We can now return to a question that we have asked: It is written that G-d created the world and the light. Where is this light? We answered this by saying that G-d created the world by means of the light, yet Rashi

gives another explanation, saying that it was put away for the righteous to rejoice therein in the future. We have thus raised another question: Why did G-d feel the need to act in such a way?

Now we know that the sun exists. Therefore we term bursts of light “sunlight,” and scientists say that some sun bursts (known as prominences) can measure 350 000 kilometers in length, but that they are so far away we can’t see them. Certainly there are things that we don’t believe, but in any case, this - I believe it! An emanation of such a length is something unimaginable. If we were to light a candle and an efflux of light appeared that was a meter long, would we not be petrified? How much more so a light burst from the sun!

The word shemesh (sun) and tamar (palm tree) each have a numerical value of 640. Now we know that the palm tree represents the righteous (“the righteous will flourish like a palm tree”). And the Sages say that G-d kept this light for the righteous, a light that we consider to be like the light of the sun (Yoma 38b; Kiddushin 72b; Bereshith Rabba 58:2; Vayikra Rabba 28:1). And in the final analysis, it was for them that it was created. This means that the universe is really the sun and the righteous, for it was for them that it was created (Berachot 6b; Shabbat 30b; Yalkut Shimoni Kohelet 999).

Just how does the greatness of the righteous compare to that of the sun? Somewhere in Morocco can be found the tomb of one of the greatest Tsaddikim ever, so great that we call him “the father of Issachar, master of the source.” He died on a Friday and was buried in the spot that he died, as many Tsaddikim did who wished to rest in the exact place where they left this world. That is why in Morocco there are some righteous who are buried on mountains, and this is also why Rabbi Yaakov Abuhatzera, who left for Egypt where he died, also has his tomb there.

Because this “master of the source” died on a Friday shortly before Shabbat, there was no time to bury him in the city, which was too far away. Therefore everything necessary for a local burial was prepared. There was amongst those present a Tsaddik well versed in Kabbala. When people suddenly realized that there were but a few minutes before Shabbat, he wrote something on the skin of a pomegranate, placed this writing facing the sun, and then - the sun stopped! It stopped exactly as it had done for Joshua, the servant of Moses. When Joshua was waging war against Jericho, at Gibeon he told the sun to stop, and it did (Joshua 10:12).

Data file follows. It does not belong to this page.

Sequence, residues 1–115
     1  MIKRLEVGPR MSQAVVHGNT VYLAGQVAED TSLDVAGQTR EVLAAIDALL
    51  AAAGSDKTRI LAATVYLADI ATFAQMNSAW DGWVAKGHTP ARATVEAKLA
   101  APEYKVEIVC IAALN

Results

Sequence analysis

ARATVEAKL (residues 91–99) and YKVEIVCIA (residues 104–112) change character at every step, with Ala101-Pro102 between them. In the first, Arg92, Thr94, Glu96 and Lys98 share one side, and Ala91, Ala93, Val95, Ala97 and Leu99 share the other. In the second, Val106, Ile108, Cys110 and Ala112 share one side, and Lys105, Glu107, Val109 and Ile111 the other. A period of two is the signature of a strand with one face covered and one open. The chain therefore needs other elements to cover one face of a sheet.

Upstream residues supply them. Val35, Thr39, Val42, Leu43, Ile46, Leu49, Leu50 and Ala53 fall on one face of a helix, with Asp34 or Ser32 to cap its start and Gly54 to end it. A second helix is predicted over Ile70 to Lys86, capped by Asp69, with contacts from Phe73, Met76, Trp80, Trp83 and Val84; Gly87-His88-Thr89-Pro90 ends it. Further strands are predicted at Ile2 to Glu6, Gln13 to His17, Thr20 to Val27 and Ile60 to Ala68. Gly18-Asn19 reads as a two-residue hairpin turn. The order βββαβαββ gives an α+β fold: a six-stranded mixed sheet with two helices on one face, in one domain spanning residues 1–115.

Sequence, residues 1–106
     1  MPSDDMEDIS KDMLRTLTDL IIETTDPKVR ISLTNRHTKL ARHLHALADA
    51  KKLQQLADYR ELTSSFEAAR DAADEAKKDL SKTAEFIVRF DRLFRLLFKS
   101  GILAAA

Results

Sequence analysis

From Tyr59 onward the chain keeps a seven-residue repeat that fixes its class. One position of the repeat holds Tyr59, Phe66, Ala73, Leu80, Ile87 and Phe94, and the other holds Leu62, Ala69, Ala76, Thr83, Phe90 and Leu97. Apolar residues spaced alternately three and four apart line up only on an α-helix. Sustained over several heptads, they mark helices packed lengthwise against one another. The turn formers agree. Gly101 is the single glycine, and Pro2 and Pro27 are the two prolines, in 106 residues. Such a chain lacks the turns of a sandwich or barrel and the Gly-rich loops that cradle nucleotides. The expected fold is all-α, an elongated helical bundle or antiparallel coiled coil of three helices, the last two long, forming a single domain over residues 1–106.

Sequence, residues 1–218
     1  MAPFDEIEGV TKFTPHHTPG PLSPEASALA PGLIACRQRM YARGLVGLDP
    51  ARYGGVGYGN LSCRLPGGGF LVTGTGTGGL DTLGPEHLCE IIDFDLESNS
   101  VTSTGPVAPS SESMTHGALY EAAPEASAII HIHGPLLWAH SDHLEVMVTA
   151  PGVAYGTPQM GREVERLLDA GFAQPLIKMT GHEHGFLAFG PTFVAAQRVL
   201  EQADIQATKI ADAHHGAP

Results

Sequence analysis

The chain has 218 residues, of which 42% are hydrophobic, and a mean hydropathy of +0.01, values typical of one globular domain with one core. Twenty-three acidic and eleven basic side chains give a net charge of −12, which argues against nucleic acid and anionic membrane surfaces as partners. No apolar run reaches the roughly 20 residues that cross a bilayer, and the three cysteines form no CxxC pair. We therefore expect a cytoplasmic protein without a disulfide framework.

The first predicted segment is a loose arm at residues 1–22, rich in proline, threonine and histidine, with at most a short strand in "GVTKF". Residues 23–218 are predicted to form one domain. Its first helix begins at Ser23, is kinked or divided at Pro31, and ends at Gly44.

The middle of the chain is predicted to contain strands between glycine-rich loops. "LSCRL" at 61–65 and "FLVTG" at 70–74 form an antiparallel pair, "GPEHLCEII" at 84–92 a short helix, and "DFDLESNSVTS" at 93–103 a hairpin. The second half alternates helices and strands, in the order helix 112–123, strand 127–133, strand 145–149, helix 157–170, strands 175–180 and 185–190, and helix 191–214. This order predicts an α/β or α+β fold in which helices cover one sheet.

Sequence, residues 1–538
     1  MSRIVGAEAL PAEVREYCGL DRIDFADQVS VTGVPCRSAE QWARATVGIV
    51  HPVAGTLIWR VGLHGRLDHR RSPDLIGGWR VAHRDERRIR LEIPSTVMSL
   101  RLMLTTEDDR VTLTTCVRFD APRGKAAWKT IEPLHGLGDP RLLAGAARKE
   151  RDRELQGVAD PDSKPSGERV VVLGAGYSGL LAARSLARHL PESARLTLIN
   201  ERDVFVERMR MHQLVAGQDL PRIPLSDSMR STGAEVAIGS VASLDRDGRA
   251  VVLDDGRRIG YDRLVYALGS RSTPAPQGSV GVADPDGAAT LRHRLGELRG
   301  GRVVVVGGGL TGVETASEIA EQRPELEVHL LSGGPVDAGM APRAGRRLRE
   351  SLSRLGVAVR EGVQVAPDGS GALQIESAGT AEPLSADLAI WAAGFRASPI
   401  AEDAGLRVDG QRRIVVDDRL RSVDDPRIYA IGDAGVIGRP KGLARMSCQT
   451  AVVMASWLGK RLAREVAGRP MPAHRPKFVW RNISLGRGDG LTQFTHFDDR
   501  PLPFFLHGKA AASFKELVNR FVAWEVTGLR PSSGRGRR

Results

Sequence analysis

There are many stories of great figures in Israel who performed miracles and wonders. This clearly demonstrates that “G-d created to make” so that it be known that He created the “Bereshith,” and that the righteous, who evoke the sun, can “make” the world according to their will. They never act through pride or for the love of honor, but when they see that the world is in need, it is then that they perform supernatural feats. And why all this? Because they firmly believe that Someone is standing behind the “Bereshith,” and once we become aware of that, the Holy One, blessed be He, comes to our aid. Again, one must have the certainty that He is truly the source of all Creation.

That is why the Torah begins with the letter beit (“Bereshith...”). It is an extraordinary letter, one that resembles a box into which one may enter. The Holy One, blessed be He, has prepared a “box” for everyone, the inside of which one may penetrate to commence his never-ending journey. Without the beit of the word “Bereshith” there is reshith (“beginning”), to teach us that what we’ve done just now is but a beginning, and that the Torah must be searched over and over, for everything can be found in it (Perkei Avoth 5:27). In addition, faith in G-d knows no boundary, and to the degree that we perceive His greatness and His loftiness, we experience our own insignificance.